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Nathan Thomas Honeycutt, 26, reportedly killed during traffic stop in Happy Valley

FILE - Two Clackamas County Sheriff's Office patrol vehicles are shown here.Nathan Thomas Honeycutt, 26, was reportedly shot and killed by a CCSO deputy during a Sept. 27 traffic stop.

A 26-year-old Hillsboro man was shot and killed by a Clackamas County Sheriff's Office deputy early Monday morning, authorities said.

HoneycuttAt approximately 2 a.m. Honeycutt was reportedly driving a white Ford ranger pickup truck without license plates in the area of Southeast 145th Avenue and King Road in Happy Valley.

Three CCSO deputies attempted a traffic stop on the vehicle, yet Honeycutt did not stop nor respond to the lights and siren and instead continued to drive through Happy Valley, police said.

Rather than pursue Honeycutt, deputies reportedly observed as he steered his vehicle down a roadway with no outlet. Following a Sept. 16 high-speed chase of an alleged shoplifter that ended in a fatal crash, Clackamas Sheriff Angela Brandenburg directed deputies to pursue vehicles only when there is reasonable suspicion a felony, or when the suspect's driving is deemed dangerous enough to threaten other drivers or pedestrians. ]

Before Honeycutt returned from the dead-end road, deputies set up spike strips which Honeycutt drove over as he returned, deflating his vehicle's tires.

Honeycutt attempted to flee on deflated tires, but deputies caught up with the vehicle and were able to stop the truck at 145th Avenue and Ridgecrest Road, per police reports.

After exiting the vehicle, Honeycutt reportedly resisted as the three deputies attempted to take him into custody. During the struggle, Honeycutt produced a handgun and was shot by an unnamed deputy, after which deputies began attempting lifesaving measures, police reported.

Honeycutt died on the scene. His identity was reportedly verified during an autopsy performed the following morning by the Oregon State Medical Examiner's Office.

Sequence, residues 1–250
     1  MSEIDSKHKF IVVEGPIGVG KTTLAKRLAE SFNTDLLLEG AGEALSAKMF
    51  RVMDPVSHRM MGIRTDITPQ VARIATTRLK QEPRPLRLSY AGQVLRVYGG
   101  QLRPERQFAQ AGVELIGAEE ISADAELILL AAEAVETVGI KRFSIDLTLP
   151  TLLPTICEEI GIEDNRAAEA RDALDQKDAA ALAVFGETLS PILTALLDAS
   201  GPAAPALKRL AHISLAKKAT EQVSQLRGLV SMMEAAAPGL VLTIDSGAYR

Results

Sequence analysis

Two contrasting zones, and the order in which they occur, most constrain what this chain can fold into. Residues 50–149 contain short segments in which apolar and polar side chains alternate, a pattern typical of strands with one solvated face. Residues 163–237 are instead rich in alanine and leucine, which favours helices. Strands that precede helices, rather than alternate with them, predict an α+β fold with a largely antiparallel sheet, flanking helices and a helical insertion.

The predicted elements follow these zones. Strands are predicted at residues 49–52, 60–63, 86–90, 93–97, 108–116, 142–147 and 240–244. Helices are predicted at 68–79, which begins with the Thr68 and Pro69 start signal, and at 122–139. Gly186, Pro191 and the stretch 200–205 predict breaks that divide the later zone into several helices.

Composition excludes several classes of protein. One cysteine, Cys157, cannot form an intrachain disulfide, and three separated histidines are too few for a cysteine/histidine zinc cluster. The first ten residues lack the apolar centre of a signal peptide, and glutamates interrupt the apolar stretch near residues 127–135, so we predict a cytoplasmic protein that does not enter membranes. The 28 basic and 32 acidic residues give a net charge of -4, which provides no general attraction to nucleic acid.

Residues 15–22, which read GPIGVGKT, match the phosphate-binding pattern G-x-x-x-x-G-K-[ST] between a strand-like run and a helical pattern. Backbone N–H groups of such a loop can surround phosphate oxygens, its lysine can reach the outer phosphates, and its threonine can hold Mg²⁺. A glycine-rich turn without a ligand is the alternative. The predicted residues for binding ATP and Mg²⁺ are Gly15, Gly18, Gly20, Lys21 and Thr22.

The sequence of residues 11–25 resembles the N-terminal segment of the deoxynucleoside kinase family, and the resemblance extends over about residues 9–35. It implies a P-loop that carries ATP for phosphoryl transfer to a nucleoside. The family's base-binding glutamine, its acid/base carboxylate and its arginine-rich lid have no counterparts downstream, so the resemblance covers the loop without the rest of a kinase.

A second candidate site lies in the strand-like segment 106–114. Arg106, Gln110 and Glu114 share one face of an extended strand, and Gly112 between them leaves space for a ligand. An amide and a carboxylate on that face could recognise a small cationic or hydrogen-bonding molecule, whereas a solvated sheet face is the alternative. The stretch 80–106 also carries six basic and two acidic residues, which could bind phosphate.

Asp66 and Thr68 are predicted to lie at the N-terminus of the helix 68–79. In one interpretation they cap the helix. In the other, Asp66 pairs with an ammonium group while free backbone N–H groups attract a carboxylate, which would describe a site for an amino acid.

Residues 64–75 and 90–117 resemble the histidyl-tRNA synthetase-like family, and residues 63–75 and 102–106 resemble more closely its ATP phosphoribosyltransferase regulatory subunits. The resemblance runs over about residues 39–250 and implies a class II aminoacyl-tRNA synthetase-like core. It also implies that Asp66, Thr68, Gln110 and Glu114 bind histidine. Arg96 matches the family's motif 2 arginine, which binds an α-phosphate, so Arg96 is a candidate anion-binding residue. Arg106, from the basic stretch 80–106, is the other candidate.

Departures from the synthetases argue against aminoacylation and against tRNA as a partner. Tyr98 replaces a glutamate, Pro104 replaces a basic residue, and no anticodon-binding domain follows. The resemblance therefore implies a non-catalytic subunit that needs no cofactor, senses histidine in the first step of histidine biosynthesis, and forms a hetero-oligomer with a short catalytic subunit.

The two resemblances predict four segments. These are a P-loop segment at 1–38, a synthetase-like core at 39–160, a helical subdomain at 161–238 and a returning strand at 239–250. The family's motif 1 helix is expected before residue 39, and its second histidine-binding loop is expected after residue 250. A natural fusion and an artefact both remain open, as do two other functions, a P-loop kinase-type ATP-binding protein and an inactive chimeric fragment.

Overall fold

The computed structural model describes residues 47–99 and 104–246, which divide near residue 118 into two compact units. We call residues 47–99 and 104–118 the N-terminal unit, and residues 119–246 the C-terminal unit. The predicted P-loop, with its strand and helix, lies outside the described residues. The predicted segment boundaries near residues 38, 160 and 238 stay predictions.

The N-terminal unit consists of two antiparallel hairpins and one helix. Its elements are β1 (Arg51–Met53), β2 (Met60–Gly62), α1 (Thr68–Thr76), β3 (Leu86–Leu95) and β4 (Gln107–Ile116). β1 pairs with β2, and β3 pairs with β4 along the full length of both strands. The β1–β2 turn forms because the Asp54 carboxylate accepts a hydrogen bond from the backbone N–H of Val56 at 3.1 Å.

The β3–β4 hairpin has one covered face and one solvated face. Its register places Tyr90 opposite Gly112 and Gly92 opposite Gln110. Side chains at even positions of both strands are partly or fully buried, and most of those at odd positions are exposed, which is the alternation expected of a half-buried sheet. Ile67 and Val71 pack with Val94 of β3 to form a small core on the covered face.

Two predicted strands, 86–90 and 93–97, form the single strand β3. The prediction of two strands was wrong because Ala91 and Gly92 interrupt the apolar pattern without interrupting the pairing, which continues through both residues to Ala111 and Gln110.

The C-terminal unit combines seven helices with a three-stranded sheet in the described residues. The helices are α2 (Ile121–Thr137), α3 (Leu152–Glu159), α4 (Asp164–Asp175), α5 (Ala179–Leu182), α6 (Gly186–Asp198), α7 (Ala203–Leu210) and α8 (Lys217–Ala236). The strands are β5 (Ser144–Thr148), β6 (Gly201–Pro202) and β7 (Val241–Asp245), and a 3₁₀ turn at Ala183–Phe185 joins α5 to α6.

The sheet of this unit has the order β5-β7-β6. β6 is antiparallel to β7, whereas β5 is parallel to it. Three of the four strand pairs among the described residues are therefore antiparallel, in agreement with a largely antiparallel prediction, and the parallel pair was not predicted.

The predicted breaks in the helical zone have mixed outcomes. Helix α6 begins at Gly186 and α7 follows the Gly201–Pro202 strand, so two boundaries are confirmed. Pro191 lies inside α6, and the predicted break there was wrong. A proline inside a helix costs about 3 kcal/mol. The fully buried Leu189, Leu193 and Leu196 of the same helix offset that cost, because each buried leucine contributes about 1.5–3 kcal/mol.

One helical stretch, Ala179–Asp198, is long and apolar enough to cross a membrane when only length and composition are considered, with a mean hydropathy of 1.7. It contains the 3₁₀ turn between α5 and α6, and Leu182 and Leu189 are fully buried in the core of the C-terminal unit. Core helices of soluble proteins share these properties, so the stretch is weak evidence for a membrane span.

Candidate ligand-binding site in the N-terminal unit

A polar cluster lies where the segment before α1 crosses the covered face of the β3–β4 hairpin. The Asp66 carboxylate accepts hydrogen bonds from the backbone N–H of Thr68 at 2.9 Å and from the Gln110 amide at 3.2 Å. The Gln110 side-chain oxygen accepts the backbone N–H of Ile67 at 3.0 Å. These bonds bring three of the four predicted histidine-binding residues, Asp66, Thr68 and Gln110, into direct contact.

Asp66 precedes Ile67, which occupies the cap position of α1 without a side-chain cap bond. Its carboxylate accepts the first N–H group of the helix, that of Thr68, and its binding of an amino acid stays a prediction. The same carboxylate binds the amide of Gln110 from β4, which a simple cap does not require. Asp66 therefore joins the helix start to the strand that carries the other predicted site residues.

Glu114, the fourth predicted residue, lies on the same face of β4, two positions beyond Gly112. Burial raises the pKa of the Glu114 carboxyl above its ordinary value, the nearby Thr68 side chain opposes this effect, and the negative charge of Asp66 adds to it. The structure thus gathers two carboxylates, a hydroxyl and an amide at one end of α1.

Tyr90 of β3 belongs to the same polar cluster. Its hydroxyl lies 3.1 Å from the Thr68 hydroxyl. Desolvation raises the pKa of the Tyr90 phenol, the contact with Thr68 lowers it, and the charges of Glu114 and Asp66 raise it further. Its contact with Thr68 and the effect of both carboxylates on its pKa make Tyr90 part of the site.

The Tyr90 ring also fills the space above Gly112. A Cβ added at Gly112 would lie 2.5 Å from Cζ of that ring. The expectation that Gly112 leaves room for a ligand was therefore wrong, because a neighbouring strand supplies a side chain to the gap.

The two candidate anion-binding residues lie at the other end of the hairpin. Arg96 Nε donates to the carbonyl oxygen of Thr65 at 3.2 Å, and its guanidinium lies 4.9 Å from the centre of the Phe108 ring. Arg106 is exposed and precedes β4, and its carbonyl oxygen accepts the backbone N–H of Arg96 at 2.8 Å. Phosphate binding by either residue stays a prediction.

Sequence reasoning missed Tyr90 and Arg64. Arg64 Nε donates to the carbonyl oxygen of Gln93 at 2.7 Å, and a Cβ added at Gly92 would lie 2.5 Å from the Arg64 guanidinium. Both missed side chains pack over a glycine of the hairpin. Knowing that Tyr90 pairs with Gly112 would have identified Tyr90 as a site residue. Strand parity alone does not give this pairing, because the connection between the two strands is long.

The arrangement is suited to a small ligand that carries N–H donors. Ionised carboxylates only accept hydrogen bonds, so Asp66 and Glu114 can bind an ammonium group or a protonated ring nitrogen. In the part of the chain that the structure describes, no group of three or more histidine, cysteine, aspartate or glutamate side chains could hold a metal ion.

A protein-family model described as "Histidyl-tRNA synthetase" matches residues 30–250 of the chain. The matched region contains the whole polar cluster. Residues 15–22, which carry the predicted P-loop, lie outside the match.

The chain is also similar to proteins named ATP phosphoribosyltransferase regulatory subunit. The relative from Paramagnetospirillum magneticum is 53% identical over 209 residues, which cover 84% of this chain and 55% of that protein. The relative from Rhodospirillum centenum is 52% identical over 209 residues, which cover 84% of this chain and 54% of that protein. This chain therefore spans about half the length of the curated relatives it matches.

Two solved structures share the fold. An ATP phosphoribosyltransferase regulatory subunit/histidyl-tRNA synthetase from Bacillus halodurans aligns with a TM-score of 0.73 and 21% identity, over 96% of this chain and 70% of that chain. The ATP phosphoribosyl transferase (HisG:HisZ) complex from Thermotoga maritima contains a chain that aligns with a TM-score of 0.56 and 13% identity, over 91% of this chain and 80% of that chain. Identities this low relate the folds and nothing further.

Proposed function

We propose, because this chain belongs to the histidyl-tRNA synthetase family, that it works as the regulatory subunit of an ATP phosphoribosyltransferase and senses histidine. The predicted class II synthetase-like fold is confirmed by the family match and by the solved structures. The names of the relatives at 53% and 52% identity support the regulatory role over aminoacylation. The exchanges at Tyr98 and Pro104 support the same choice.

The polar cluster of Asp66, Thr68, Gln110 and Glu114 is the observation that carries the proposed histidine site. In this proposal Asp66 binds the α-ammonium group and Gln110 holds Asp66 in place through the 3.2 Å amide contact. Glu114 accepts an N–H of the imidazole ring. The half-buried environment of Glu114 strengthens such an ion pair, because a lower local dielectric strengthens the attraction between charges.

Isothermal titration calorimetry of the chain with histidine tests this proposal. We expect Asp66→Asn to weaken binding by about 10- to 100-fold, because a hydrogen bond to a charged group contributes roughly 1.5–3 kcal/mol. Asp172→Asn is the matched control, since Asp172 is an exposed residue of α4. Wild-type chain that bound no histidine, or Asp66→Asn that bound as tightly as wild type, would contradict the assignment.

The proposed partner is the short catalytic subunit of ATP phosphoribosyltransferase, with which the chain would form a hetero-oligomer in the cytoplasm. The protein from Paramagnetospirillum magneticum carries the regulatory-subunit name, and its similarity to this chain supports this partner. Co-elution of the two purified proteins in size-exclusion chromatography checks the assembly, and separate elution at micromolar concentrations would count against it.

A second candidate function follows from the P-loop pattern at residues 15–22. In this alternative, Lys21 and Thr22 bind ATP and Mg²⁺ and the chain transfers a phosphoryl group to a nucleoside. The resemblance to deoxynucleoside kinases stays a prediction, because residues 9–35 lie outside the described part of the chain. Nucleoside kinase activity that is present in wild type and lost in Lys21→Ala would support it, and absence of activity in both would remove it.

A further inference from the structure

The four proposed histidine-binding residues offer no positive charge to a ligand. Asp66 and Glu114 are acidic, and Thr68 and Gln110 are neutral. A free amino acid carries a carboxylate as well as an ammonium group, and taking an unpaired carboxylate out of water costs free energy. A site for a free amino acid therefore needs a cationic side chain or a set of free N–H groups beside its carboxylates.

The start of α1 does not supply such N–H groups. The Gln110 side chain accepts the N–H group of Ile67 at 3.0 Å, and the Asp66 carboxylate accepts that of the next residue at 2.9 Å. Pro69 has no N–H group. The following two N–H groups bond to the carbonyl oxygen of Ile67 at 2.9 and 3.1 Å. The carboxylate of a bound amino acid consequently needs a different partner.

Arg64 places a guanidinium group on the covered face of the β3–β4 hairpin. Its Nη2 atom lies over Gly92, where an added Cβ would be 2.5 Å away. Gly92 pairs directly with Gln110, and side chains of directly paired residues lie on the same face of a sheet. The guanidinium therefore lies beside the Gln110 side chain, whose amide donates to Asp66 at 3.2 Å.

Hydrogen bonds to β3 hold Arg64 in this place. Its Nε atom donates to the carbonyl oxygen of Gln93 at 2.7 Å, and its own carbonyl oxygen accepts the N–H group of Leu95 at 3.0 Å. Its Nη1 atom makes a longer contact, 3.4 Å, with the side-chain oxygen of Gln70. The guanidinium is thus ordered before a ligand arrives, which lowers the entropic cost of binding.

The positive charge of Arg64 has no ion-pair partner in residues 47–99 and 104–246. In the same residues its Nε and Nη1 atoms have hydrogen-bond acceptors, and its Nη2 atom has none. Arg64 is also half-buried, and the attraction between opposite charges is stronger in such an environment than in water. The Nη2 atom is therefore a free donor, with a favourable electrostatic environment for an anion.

CCSO's three deputies involved in the shooting — Jansen Bento, Sam Tharpe and Matt Roach — are on administrative leave. CCSO and prosecutors will review the incident — standard practice following a police shooting — and will interview each involved deputy in the coming days, according to police reports.

During the struggle, one deputy sustained minor hand injuries and was treated from a local hospital. The deputy has since been released.

Police later determined that the vehicle Honeycutt was driving had been stolen in the city of Portland.

An investigation into the matter is being led by CCSO and the Clackamas County Major Crimes Team with assistance from state police and officers from Gladstone, Tualatin, Oregon City and Milwaukie.

Clackamas County's District Attorney's Office said investigators are seeking assistance from anyone with further information or anyone who saw a white, Ford Ranger truck in the area of Happy Valley between 1 a.m. and 2 a.m. on Monday. Area residents are also asked to review their security camera systems to see if they captured a vehicle matching the description.

Sophia Covoci and her husband heard the gunshots in back of their home in what they described as a generally quiet and peaceful neighborhood. The couple immigrated from Romania more than 20 years ago and said nothing like this has ever happened around them.COURTESY PHOTO: KOIN 6 NEWS - Happy Valley resident Simona Blada translates for her father who speaks Romanian and heard gunshots on the night of the police shooting.

Their daughter, Simona Blada, told KOIN 6 News that her father "heard a lot of shooting." She said he heard four shots and then the police and fire responders.

Honeycutt is the second suspect who has been killed in Happy Valley by CCSO deputies since the June 7 fatal shooting of Jeremiah Lee Wright. Happy Valley resident Brian Fitzgerald, a frequent and persistent critic of the Wright shooting, recently forced Clackamas County to change its policies after his mail to county commissioners was allegedly waylaid by county attorneys.

County Chair Tootie Smith wrote back to Fitzgerald on Sept. 23, according to public records, saying that "the situation has been corrected" so he and other citizens with grievances can contact their elected officials directly. Pamplin Media Group has obtained other public records from county staff who said they decided to send Fitzgerald's correspondence to the county's attorney, instead of to the commissioners addressed by Fitzgerald.

"I did not direct staff to divert any mail from you or anyone else to county counsel's office," Smith wrote to Fitzgerald. "I believe strongly that constituents should have access to their elected officials."

Fitzgerald said that he will be pursuing a case of U.S. mail fraud against the county.

"They blocked everything because it made the shadow government look bad," Fitzgerald said. "My constitutional rights have been violated. How? By preventing my ability to petition my elected reps for redress of grievances."

Clackamas Review Editor Raymond Rendleman contributed to this news report.


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